During the First World War, when South African forces conducted a campaign to drive German forces from Deutsch-Südwest-Afrika (DSWA), narrow-gauge locomotives were urgently required on the Otavi Railway in that territory to replace those which were destroyed by the retreating German forces. Several South African Railways (SAR) locomotives from the various narrow-gauge lines were therefore commandeered by the Union Defence Forces (UDF). To replace these, thirteen of the Lawleys in staging at Bamboo Creek were purchased by the South African Department of Defence and brought to South Africa in 1915. They were renumbered in the range from NG96 to NG108 and, after being repaired, nine of them were placed in service while the other four were cannibalised for spare parts.
- Numbers NG96, NG97 and NG98 were placed in service on the Hopefield line from Kalbaskraal to Saldanha.
- Numbers NG101, NG102 and NG103 were placed in service on the Langkloof line from Port Elizabeth to Avontuur.
- Numbers NG104, NG105 and NG106 were placed in service on the various Natal branches.
As the DSWA campaign drew to a close and many of the ex-German narrow-gauge locomotives were repaired, the SAR locomotives on active service gradually returned to their home lines in South Africa. As a result, the Lawleys were staged once again after less than two years of service in South Africa.
South African Railways
In 1921, Lawley numbers NG101 and NG102 were re-commissioned and placed in SAR service on the branchline from Pienaarsrivier to Pankop, off the mainline between Pretoria and Pietersburg. The Lawleys were the smallest tender steam locomotives to ever see service on the SAR. They performed quite well on this line, since the branch was a light railway with slow speeds and small rolling stock.
During 1924, construction commenced on the narrow-gauge branchline between Upington and Kakamas in the Northern Cape Province and, during 1925, on the branch from Fort Beaufort to Seymour in the Eastern Cape. The remaining Lawleys were then also recovered from storage and placed in service once again. They remained in service when these branchlines were opened to traffic, even though it was usually only in a standby capacity.
Also in 1924, Lawley no. NG98 joined the Dutton road-rail tractors on the narrow-gauge line from Naboomspruit to Singlewood. By 1927, it was joined by no. NG103, but by this time the Singlewood branch was being regauged to Cape gauge and, by 11 June 1928, it was extended to Zebediela.
The system of grouping narrow-gauge locomotives into classes was adopted by the SAR somewhere between 1928 and 1930 and, at that point, the Lawley locomotives were designated Class NG6. The steady increase in loads on the narrow-gauge branches eventually once again proved to be more than the Lawleys were capable of and they were eventually withdrawn. The last one, no. NG103, was retired in 1935.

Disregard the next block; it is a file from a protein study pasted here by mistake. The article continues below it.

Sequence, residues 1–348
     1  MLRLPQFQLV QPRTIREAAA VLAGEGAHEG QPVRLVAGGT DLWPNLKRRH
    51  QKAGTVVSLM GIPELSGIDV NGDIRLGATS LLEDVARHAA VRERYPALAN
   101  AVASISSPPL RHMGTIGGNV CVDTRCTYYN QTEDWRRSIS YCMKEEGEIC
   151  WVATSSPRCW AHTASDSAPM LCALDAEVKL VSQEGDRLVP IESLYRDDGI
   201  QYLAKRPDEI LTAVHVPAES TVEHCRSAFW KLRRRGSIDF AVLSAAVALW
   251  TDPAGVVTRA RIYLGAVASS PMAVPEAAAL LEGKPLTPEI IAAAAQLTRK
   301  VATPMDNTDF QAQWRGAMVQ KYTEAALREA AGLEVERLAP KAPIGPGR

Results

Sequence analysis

Several Lawleys were sold into private use with some surviving in service until 1957, often being sold or resold between users. Known users were, amongst others, Premier Portland Cement in Bulawayo, the Rhodesian Native Timber Concessions at Gwaai, the Cam and Motor Mine at Gatooma, the Selukwe Peak Light Railway of the Selukwe Chrome Mine, the Lupane Forest Estates, the Igusi Saw Mills and the Arcturus Mine east of Salisbury, all these in Rhodesia. In South Africa, some went to the Zebediela citrus plantations in the northern Transvaal.
Since frames, boilers and tenders were exchanged between locomotives during the process of building nine serviceable locomotives from the thirteen which were purchased from Bamboo Creek in 1915, the original identities of these locomotives were not always accurately recorded. The Lawley locomotive models, builders and works numbers are listed in the table, which includes the engine numbers of those SAR locomotives of which the Beira Railway engine numbers are known.
Two locomotives have been restored to running condition at the Sandstone Estates near Ficksburg in the Free State. One is Falcon F2 no. BR7, later SAR no. NG106, which was restored by Sandstone as no. BR7 in the original green Beira Railway livery, while the other is Falcon F4 no. BR25, later SAR no. NG97, which was restored in the black SAR livery.
The main picture shows the restored Falcon F2, Beira Railway no. BR6, SAR no. NG106, restored as no. BR7, at Sandstone Estates on 9 April 2006. Those following also illustrate Lawleys in SAR service.
|Wikimedia Commons has media related to South African Class NG6 4-4-0.|
- Railway Modelling Scene, South Africa, May/June 1985, article written by Neill Mardell
- Paxton, Leith; Bourne, David (1985). Locomotives of the South African Railways (1st ed.). Cape Town: Struik. pp. 103–104. ISBN 0869772112.
- Espitalier, T.J.; Day, W.A.J. (1945). The Locomotive in South Africa - A Brief History of Railway Development. Chapter VII - South African Railways (Continued). South African Railways and Harbours Magazine, October 1945. p. 781.
- Baxter, Antony. The Two Foot Gauge Enigma (1st ed.). Plateway Press. pp. 37-45 & Appendix V. ISBN 1-871980-34-8.
- Pattison, R.G. (2005). Thundering Smoke, (1st ed.). Sable Publishing House. ISBN 0-9549488-1-5
- Cash, R.G. (2015). The Stronach-Dutton Roadrail System of Traction. The Narrow Gauge, Autumn 2015. The Narrow Gauge Railway Society. pp. 30-31.
- Statement Showing, in Chronological Order, the Date of Opening and the Mileage of Each Section of Railway, Statement No. 19, p. 188, ref. no. 200954-13
- Statement Showing, in Chronological Order, the Date of Opening and the Mileage of Each Section of Railway, Statement No. 19, p. 189, ref. no. 200954-13
- South African Railways and Harbours Narrow Gauge Locomotive Diagram Book, 2'0" Gauge, S.A.R. Mechanical Dept. Drawing Office, Pretoria, 28 November 1932